In The Catcher in the Rye, J. D. Salinger uses modern American teenage slang, a conversational and confessional tone, and verbal irony (mainly sarcasm).
Examine the following opening sentences:
If you really want to hear about it, the first thing you'll probably want to know is where I was born, and what my lousy childhood was like, and how my parents were occupied and all before they had me, and all that David Copperfield kind of crap, but I don't feel like going into it, if you want to know the truth.
- Confessional: "If you really want to hear about it..."
- Conversational tone: "the first thing you'll probably want to know..."; "I don't feel like going into it"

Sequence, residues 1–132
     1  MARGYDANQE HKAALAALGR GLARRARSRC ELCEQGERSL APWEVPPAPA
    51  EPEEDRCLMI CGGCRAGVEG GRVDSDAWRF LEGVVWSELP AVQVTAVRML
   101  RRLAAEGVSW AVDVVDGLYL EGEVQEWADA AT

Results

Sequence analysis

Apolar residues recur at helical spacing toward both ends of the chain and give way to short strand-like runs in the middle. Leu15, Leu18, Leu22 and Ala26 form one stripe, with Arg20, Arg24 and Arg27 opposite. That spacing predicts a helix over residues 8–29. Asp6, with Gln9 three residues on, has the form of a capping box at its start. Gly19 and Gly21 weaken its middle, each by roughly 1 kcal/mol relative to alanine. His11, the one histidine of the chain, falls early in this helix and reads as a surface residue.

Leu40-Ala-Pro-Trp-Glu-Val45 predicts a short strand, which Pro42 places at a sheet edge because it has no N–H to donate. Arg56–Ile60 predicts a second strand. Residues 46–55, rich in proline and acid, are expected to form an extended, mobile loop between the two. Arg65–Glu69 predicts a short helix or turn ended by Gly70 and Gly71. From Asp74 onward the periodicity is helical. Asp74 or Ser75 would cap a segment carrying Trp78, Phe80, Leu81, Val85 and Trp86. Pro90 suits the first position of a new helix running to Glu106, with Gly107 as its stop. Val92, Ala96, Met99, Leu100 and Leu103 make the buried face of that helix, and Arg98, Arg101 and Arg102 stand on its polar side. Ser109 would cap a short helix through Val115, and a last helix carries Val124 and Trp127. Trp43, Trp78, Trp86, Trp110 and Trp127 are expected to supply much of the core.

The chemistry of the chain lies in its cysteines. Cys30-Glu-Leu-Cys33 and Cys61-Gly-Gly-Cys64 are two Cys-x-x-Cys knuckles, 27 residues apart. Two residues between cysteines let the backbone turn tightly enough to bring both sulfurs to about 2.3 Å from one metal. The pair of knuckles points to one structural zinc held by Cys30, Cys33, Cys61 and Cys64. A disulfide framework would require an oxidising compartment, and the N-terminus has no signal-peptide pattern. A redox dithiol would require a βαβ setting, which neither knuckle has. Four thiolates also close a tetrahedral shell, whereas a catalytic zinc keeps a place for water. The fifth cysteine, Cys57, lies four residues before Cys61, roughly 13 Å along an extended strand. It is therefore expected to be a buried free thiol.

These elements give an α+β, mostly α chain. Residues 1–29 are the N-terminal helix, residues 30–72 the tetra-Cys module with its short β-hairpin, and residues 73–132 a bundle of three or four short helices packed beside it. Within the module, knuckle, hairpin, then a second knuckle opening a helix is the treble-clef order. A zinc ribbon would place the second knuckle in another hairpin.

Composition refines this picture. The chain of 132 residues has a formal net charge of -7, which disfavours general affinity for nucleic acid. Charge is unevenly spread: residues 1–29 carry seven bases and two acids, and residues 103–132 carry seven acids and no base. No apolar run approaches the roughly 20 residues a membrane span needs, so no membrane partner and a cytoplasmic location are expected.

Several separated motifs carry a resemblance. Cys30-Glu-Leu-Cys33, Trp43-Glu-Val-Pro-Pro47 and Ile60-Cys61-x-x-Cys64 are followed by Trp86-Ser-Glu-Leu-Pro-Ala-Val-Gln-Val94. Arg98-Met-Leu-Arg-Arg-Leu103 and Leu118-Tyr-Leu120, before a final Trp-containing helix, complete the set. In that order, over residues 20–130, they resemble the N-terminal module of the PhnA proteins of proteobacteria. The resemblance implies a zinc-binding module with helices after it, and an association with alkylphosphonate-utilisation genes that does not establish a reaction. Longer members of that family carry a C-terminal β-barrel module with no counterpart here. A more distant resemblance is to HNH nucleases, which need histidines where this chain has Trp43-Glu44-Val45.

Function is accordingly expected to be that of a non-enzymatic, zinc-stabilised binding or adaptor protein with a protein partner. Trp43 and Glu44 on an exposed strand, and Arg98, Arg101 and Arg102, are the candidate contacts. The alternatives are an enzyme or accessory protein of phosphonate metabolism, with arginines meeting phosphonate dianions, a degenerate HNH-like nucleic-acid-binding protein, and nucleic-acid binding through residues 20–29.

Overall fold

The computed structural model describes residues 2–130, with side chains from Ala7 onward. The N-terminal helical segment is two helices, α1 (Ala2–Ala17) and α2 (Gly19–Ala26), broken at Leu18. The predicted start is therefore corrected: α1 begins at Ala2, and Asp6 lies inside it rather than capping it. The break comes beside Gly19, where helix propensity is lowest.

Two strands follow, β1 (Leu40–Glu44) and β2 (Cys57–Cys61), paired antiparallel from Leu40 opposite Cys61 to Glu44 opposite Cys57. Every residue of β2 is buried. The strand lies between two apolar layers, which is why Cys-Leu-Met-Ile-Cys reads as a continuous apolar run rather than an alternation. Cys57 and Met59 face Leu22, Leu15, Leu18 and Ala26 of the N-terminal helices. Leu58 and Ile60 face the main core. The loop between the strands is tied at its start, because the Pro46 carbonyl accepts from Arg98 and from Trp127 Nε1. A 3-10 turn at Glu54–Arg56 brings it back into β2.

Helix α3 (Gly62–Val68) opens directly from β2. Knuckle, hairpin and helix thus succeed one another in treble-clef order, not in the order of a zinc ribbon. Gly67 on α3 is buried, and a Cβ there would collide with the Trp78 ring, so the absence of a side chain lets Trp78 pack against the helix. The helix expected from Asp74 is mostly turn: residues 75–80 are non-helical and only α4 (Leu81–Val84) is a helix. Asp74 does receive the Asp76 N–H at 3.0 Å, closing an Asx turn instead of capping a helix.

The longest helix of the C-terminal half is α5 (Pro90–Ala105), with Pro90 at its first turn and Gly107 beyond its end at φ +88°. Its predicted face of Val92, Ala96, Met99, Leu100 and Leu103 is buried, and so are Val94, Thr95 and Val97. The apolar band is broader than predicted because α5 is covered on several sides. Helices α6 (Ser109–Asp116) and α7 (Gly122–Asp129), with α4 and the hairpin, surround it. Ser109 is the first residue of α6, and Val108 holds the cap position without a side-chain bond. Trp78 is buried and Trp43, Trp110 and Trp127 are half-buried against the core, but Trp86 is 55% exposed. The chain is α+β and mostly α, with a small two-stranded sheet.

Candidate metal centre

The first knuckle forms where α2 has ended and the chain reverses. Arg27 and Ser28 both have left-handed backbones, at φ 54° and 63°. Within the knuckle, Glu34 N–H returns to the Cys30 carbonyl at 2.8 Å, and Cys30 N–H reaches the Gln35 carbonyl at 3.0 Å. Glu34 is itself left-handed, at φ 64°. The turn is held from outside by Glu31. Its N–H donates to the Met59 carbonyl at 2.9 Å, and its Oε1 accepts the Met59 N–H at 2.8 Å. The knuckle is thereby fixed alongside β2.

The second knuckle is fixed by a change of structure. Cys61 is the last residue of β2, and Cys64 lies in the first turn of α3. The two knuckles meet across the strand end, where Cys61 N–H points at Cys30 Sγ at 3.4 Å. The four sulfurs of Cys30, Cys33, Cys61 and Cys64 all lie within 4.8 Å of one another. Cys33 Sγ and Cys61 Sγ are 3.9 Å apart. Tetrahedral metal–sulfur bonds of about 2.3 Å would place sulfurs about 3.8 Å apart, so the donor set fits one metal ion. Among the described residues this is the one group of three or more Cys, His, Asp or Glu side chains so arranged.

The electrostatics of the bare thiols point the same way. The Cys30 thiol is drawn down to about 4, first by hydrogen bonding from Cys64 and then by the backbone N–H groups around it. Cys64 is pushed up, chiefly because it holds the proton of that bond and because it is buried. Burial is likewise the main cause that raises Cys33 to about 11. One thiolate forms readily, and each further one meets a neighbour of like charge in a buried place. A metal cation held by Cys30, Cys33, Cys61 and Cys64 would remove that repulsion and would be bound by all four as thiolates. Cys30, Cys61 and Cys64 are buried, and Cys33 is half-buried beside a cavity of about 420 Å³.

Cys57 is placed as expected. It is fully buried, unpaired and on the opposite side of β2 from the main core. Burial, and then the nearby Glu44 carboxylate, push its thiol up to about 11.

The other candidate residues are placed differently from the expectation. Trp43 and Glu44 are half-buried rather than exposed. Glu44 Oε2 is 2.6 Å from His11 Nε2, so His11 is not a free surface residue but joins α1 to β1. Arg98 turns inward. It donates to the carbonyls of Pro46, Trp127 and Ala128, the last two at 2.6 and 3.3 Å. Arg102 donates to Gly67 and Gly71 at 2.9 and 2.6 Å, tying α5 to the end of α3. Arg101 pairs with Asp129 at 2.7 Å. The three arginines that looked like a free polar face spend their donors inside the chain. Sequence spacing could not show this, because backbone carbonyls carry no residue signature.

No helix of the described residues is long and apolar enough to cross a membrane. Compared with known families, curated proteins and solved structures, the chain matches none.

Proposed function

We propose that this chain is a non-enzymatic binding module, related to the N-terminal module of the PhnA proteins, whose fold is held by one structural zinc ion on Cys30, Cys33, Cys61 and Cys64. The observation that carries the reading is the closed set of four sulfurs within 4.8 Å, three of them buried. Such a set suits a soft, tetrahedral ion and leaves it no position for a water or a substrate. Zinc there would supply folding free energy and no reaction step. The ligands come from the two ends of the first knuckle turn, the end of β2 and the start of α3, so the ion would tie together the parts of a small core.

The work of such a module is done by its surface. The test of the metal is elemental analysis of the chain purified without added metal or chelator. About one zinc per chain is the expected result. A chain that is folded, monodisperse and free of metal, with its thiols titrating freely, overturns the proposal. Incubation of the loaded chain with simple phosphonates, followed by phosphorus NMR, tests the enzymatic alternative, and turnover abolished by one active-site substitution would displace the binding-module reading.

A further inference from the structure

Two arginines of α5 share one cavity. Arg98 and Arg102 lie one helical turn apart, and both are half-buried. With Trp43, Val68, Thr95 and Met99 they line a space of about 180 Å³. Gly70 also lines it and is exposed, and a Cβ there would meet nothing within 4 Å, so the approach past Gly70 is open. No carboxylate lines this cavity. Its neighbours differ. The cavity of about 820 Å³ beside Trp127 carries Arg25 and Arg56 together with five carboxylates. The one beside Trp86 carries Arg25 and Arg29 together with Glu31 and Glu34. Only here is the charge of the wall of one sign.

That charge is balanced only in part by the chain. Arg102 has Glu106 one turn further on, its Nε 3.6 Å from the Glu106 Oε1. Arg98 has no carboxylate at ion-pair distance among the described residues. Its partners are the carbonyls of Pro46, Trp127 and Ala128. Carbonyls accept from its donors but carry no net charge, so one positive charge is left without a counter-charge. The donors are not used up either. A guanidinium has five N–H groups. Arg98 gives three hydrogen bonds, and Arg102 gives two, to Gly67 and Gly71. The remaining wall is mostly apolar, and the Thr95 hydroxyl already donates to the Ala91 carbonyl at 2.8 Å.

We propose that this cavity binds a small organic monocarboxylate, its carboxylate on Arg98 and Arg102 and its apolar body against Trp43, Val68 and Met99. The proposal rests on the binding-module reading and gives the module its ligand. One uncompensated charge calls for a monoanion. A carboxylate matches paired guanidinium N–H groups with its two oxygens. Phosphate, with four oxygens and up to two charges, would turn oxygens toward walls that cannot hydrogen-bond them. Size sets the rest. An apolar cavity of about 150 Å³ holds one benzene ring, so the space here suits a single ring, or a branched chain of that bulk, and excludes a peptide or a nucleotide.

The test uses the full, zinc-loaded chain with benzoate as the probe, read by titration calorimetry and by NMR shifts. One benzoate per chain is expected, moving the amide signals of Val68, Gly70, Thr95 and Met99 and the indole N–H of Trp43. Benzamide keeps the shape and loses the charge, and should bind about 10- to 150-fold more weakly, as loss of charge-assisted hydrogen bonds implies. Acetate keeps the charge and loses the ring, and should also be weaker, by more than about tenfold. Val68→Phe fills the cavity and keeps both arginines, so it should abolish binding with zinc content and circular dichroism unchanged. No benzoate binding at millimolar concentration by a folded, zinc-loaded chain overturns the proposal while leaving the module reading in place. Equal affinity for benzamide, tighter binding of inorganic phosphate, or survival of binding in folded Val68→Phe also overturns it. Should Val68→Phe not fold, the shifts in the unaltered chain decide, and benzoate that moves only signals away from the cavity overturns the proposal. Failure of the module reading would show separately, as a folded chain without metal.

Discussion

- Sarcasm: "David Copperfield kind of crap"
Notice the conditional opening, using "If you want to know the truth..." Holden often lies to phonies as a means of exposing their phoniness, even though it exposes his own. As such, Holden becomes a satirist (one who uses irony to expose the illegitimacies of others) and an unreliable narrator. He functions as a rogue, naive narrator who both loves and hates his society, who confesses his greatest fears to us intimately, and who--by the end--regrets having confessed at all.